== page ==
The monarchy enshrines the idea that some people are born better than other people. Getting excited about the fact that a simple "commoner" can marry into this does not change or conceal this fundamental truth, rather it highlights it. I turned the radio on this morning, and after about sixty seconds of listening to 5Live talking in awestruck tones as the guests arrived at the Abbey and everyone awaited the arrival of the bride, I switched over to 6Music to listen to Huey Morgan playing records by Black Grape, Stevie Wonder, Tina Turner and the Fleet Foxes.
I wish no harm to the Queen or to her family. Privileged they may be, but when I see this 85-year old, I can't help but think that she's trapped in a cage of her dedication and service to her "duty". It might be a gilded cage, but it's still a cage. She's been Queen now for something like 52 years, so perhaps she knows no other life, but she surely wouldn't be human if she didn't occasionally yearn to live a more normal life and to escape the drudgery of her duty to her people that barely allows her to take time off sick. I'm sure lots of people will snort at that and wish they were trapped in a similar cage, but would you really? I also quite like the Duke of Edinburgh: he's often thought of as an anachronistic old curmudgeon, but he's also the man who, when Wills and Harry were about to be refused the right to walk behind their mother's coffin in 1997, said that if that's what they wanted to do, then he would damn well stand at their sides as they did it. At a time when the Windsors were apparently afraid of the reaction of the crowd to their perceived guilt over Diana's death, that's the very human reaction of a grandfather and not of the patriarch of an Institution under threat. For that, he perhaps deserves some respect for the man he is... but not deference because of what he represents.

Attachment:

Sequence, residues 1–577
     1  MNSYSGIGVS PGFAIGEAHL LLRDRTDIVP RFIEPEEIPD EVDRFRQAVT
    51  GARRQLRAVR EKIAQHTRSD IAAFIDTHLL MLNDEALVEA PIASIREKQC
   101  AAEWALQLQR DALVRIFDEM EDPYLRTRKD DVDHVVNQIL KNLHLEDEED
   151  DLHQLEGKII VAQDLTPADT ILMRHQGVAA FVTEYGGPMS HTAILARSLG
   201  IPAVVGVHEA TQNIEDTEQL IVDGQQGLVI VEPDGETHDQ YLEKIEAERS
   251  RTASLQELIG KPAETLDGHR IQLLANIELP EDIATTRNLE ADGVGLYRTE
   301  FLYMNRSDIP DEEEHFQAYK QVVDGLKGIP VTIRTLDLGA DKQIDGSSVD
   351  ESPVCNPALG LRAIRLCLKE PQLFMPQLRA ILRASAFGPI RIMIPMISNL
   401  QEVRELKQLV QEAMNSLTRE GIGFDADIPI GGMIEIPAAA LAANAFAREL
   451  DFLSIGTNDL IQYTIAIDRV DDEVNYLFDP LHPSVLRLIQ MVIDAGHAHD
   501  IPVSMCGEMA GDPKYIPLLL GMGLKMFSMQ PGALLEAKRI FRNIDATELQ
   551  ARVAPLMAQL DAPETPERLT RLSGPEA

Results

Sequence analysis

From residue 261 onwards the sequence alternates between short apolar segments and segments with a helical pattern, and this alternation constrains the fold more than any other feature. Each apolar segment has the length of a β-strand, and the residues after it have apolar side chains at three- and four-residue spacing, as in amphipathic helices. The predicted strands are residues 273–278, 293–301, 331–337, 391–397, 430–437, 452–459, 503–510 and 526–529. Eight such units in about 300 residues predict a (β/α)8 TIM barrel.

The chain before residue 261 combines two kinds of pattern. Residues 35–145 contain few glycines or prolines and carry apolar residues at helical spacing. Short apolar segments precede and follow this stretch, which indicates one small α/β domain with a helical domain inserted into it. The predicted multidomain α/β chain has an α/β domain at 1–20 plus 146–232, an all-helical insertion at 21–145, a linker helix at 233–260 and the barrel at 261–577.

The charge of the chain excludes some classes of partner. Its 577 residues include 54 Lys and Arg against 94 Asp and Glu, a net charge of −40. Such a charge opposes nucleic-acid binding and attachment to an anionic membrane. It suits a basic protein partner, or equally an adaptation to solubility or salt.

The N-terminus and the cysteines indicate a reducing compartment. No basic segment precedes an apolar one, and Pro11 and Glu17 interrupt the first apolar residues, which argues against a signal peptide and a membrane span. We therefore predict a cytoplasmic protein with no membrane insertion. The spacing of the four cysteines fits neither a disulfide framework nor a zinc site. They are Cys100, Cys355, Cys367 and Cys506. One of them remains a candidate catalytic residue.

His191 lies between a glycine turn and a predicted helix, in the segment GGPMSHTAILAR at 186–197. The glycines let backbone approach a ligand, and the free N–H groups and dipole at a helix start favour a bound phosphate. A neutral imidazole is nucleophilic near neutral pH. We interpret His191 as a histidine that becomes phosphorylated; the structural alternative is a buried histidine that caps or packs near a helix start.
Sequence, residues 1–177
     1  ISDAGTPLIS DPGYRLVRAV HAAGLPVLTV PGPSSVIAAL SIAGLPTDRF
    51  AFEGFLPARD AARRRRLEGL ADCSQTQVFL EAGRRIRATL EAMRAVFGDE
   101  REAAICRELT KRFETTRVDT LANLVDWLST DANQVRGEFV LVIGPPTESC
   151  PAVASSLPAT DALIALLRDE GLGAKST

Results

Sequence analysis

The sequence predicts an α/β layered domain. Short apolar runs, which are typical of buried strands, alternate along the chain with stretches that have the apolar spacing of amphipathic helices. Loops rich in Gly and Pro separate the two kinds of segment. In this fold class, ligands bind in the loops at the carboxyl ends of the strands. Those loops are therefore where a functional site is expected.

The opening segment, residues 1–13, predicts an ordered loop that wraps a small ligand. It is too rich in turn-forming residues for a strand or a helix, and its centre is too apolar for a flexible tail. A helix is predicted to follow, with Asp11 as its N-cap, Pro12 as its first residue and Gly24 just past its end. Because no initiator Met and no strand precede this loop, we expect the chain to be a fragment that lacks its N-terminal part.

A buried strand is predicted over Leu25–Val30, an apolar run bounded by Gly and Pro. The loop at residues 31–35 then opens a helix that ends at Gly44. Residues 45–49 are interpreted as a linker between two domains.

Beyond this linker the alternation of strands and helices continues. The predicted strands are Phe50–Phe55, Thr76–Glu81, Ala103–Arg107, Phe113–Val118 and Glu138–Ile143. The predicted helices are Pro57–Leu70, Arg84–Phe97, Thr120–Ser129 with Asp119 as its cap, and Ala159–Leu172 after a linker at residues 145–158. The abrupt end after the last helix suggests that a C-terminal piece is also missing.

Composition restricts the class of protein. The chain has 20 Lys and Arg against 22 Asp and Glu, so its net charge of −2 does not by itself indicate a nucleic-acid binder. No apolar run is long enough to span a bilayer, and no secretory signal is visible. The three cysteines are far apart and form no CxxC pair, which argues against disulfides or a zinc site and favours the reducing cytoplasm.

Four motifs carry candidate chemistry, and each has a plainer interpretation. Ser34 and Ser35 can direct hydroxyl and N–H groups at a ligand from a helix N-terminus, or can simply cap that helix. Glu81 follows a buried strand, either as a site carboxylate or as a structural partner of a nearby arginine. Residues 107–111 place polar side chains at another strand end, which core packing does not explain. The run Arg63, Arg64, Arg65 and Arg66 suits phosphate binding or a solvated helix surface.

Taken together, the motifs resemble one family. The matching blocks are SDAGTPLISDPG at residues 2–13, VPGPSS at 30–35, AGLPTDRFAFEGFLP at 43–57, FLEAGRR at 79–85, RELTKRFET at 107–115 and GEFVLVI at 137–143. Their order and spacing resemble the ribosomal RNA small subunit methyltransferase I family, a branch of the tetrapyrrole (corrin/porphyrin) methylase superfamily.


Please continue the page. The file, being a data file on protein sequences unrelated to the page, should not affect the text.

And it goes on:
I popped out at about 11am this morning to buy a coffee and to run a few errands: the streets were eerily quiet, as though it was 7am on a Sunday morning. Lots of shops were closed, and the ones that were open were a little startled to see me, sometimes scurrying out of the back room where they had been watching the ceremony on the television. It was 2 for 1 on commemorative mugs and bags at Connaught House though, so my New York friends will be pleased....
Good luck to the newly married Duke and Duchess of Cambridge. I wish them health and happiness. I just won't be out waving my flag and singing the national anthem in their honour. If you are doing exactly that, then good luck to you too. You can doff your caps and tug your forelocks at whoever you like.